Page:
Thanks!

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I am running into this same problem on other Loadstars I am looking at. It seems that the tag VIN plate W.B. number is not matching the brochure chassis rail lengths? I was also looking at a 1962 1600 that has a W.B. rating/length of 175...but then the actual chassis is shorter than the brochure data?

Anyone else referenced their trucks off the original data? Did these trucks leave the factory with inconsistent lengths or did owners hack them off?

thanks!

Loadstars were custom ordered from the factory. There were cookie cutter loadstars designated for dot trucks. Grain haulers. And other stuff. But my 69 1700 had like 9 options for wheelbases. Sometimes truck companies leave extra frame rail for other companies to modify to fit their boxes or beds. I see a good ol truck with a solid frame and i guess i dont understand your concerns? Do you have a bed thats going on it? Are you planning on restoring it? Im confused

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I am running into this same problem on other Loadstars I am looking at. It seems that the tag VIN plate W.B. number is not matching the brochure chassis rail lengths? I was also looking at a 1962 1600 that has a W.B. rating/length of 175...but then the actual chassis is shorter than the brochure data?

Anyone else referenced their trucks off the original data? Did these trucks leave the factory with inconsistent lengths or did owners hack them off?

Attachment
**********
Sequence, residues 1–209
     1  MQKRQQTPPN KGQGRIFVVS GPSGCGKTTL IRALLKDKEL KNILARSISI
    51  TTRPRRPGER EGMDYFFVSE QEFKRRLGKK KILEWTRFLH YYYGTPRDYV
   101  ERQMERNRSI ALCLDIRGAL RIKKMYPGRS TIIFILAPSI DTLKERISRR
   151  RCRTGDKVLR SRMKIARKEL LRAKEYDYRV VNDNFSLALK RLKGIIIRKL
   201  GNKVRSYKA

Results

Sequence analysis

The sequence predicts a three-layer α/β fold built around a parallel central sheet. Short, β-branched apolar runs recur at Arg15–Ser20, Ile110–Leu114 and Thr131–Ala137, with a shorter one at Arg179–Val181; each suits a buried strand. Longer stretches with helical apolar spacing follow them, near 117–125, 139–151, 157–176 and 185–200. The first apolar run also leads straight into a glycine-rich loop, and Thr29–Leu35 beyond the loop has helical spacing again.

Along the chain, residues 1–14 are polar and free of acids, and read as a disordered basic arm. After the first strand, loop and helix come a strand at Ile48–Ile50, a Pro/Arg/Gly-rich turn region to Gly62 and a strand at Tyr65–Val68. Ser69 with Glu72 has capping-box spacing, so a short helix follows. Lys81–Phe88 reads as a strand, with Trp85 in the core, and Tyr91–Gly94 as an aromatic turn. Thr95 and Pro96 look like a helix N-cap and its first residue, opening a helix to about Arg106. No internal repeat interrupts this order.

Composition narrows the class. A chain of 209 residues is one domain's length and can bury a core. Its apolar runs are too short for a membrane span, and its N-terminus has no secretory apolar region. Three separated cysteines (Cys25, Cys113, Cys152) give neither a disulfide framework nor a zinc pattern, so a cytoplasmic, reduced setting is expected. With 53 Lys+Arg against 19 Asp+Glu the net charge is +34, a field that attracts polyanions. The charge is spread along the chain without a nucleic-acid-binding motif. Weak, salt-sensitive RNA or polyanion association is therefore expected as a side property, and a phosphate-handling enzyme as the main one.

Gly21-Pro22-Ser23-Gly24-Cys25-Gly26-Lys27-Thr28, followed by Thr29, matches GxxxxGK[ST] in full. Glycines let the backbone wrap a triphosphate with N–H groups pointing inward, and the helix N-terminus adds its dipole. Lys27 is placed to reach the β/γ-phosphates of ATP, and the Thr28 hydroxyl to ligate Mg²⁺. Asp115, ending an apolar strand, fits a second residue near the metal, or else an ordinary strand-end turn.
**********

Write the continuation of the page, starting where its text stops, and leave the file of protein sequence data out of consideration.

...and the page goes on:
thanks!

Loadstars were custom ordered from the factory. There were cookie cutter loadstars designated for dot trucks. Grain haulers. And other stuff. But my 69 1700 had like 9 options for wheelbases. Sometimes truck companies leave extra frame rail for other companies to modify to fit their boxes or beds. I see a good ol truck with a solid frame and i guess i dont understand your concerns? Do you have a bed thats going on it? Are you planning on restoring it? Im confused

No, I am just anal retentive. lol

I guess it is no big deal. Its not so much the frame itself, but if someone is willing to cut part of frame off it means they are more apt to start messing with many things. Yes, I do want to restore it. The historic brochure is 1962 and this truck above is a 1966. The brochure showed 5 lengths. Not sure if there were more added in the next 4 years.

I guess it's more about knowing if the truck was changed. I could not make sense with the brochures. Maybe not having the exact year brochure is part of the reason.

I was a bit curious if the back frame support is normally riveted to the frame channels or if those 3-bead welds could be stock too?

Thanks!